These regulations are also managed differently in the US and UK. HIPAA, GLBA and the various US state breach laws, all of which are actively enforced by career-focused prosecutors or profit-committed class-action lawyers, carry stiff financial and commercial penalties for compliance failure. UK regulation is more light-touch, with under-resourced regulators and over-stretched authorities, the commercial penalties for failure are not nearly so dramatic – yet.

The joint framework in detail

Aligning CobiT, ITIL and ISO 17799 for Business Benefit was jointly published in late 2005 by the IT Governance Institute and the OGC. It formalises the relationship between CobiT (Control Objectives for Information Technology), ITIL (IT Infrastructure Library) and ISO/IEC 17799, the information security code of practice. Its publication also initiates an ongoing joint work programme, which should lead to further improvements. The key recommendations of this document are:

  • CobiT should be used to provide “an overall control framework based on [generic] IT-process model”, defining what should be done at the governance (high) level;
  • ISO 17799 defines what must be done in terms of information security controls;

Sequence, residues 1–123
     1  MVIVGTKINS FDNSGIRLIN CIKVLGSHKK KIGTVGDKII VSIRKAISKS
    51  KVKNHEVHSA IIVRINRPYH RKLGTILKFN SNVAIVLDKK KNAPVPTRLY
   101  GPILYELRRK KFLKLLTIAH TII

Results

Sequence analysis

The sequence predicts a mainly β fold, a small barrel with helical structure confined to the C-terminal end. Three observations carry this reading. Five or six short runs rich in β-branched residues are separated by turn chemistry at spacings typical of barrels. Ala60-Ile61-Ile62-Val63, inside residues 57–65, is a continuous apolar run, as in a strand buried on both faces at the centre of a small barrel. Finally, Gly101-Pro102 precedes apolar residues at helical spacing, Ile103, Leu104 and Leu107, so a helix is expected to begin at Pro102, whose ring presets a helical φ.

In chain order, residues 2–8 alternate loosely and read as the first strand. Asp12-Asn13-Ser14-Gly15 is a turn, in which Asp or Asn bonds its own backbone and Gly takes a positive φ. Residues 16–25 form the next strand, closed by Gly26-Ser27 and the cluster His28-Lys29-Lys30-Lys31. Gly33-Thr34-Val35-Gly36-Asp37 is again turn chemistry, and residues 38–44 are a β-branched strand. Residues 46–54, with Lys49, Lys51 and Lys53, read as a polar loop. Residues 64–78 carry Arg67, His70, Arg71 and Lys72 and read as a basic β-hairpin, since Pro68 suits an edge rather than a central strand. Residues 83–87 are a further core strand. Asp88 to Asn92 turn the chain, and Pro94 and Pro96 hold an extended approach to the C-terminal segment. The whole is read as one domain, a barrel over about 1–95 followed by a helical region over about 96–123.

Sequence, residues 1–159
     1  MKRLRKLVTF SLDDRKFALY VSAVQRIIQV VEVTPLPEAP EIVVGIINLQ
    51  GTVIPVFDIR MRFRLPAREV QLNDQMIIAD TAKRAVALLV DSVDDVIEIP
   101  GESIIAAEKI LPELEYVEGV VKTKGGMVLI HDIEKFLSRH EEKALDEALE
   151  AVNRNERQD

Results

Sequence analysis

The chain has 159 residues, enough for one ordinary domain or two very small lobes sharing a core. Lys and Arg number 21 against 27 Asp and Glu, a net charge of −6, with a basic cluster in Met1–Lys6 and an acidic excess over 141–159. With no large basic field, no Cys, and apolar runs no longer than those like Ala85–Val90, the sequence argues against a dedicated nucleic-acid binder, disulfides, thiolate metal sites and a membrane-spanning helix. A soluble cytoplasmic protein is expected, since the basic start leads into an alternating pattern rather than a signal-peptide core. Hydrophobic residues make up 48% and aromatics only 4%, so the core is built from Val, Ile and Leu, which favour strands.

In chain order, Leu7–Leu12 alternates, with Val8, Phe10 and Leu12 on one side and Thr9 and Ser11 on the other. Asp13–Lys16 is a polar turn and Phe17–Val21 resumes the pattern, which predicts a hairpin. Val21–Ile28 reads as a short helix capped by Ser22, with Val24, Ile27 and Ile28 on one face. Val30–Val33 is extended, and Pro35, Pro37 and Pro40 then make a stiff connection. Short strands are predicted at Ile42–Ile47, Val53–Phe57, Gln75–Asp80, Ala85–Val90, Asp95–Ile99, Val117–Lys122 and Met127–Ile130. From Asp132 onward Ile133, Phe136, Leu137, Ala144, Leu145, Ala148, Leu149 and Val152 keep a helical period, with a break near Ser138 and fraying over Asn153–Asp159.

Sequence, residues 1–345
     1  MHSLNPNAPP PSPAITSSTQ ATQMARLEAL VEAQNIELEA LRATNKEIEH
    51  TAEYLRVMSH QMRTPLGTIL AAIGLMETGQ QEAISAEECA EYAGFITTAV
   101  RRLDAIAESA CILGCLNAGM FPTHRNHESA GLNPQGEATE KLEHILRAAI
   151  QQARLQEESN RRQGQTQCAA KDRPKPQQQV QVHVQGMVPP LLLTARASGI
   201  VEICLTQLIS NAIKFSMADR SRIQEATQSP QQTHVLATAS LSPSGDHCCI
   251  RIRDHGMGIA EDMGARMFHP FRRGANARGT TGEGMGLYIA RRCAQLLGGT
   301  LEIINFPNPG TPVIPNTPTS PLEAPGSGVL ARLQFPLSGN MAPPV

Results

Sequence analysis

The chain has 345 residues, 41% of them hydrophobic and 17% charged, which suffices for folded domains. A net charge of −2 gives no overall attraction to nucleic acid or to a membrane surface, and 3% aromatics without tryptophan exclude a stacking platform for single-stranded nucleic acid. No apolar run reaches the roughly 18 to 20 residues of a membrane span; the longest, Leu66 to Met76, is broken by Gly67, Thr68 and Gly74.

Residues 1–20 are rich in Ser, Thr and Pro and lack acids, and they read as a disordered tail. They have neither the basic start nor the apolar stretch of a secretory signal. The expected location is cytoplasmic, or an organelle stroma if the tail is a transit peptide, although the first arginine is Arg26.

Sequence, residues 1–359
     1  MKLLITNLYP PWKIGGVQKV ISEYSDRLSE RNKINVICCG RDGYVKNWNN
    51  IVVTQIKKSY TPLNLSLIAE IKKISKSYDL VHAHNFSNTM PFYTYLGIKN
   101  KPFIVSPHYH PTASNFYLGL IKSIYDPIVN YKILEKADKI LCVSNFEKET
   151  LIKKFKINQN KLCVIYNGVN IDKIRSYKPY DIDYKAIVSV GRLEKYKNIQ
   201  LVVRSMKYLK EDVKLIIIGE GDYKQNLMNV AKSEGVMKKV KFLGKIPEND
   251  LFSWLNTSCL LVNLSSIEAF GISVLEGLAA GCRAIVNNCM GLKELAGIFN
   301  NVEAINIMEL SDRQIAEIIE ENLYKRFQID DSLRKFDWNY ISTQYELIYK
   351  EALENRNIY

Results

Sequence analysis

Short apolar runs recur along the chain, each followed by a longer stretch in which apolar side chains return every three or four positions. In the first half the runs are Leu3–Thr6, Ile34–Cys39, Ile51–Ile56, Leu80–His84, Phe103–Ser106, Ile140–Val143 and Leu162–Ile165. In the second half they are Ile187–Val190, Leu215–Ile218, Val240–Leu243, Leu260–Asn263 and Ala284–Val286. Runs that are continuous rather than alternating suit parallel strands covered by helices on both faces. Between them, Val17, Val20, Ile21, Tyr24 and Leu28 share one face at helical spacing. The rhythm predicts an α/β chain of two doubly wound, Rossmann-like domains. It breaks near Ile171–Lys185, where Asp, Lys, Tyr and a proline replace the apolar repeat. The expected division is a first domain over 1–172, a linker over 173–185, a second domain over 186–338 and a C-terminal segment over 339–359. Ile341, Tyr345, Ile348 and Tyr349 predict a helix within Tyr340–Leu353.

• ITIL is business-focused and describes how IT service management aspects should be handled;
  • ITIL and ISO 17799 are mapped to high-level CobiT process and control objectives;
  • Enables ITIL, CobiT and ISO 17799 projects should be cross-linked and integrated.
  • While the ISO 17799 component of the joint framework is not as precise as it needs to be, it does provide clear guidance about how the controls of ISO 27001 (the information security management standard that is supported by ISO 17799) can be built into an integrated IT governance control framework. This framework should have, at its heart, the principle that IT should be providing a service to the business – not getting in its way!

    The Joint Framework can give organisations the basis for a single, integrated, compliance approach that delivers corporate governance general control objectives, meets the regulatory requirements of data-related and privacy-related regulation, and supports preparation for external certification to ISO 27001 and ISO 20000, both of which demonstrate compliance. It prepares the organisation for future/emerging regulatory requirements, and is demonstrably a coherent attempt to comply with competing regulations and to meet complex compliance requirements.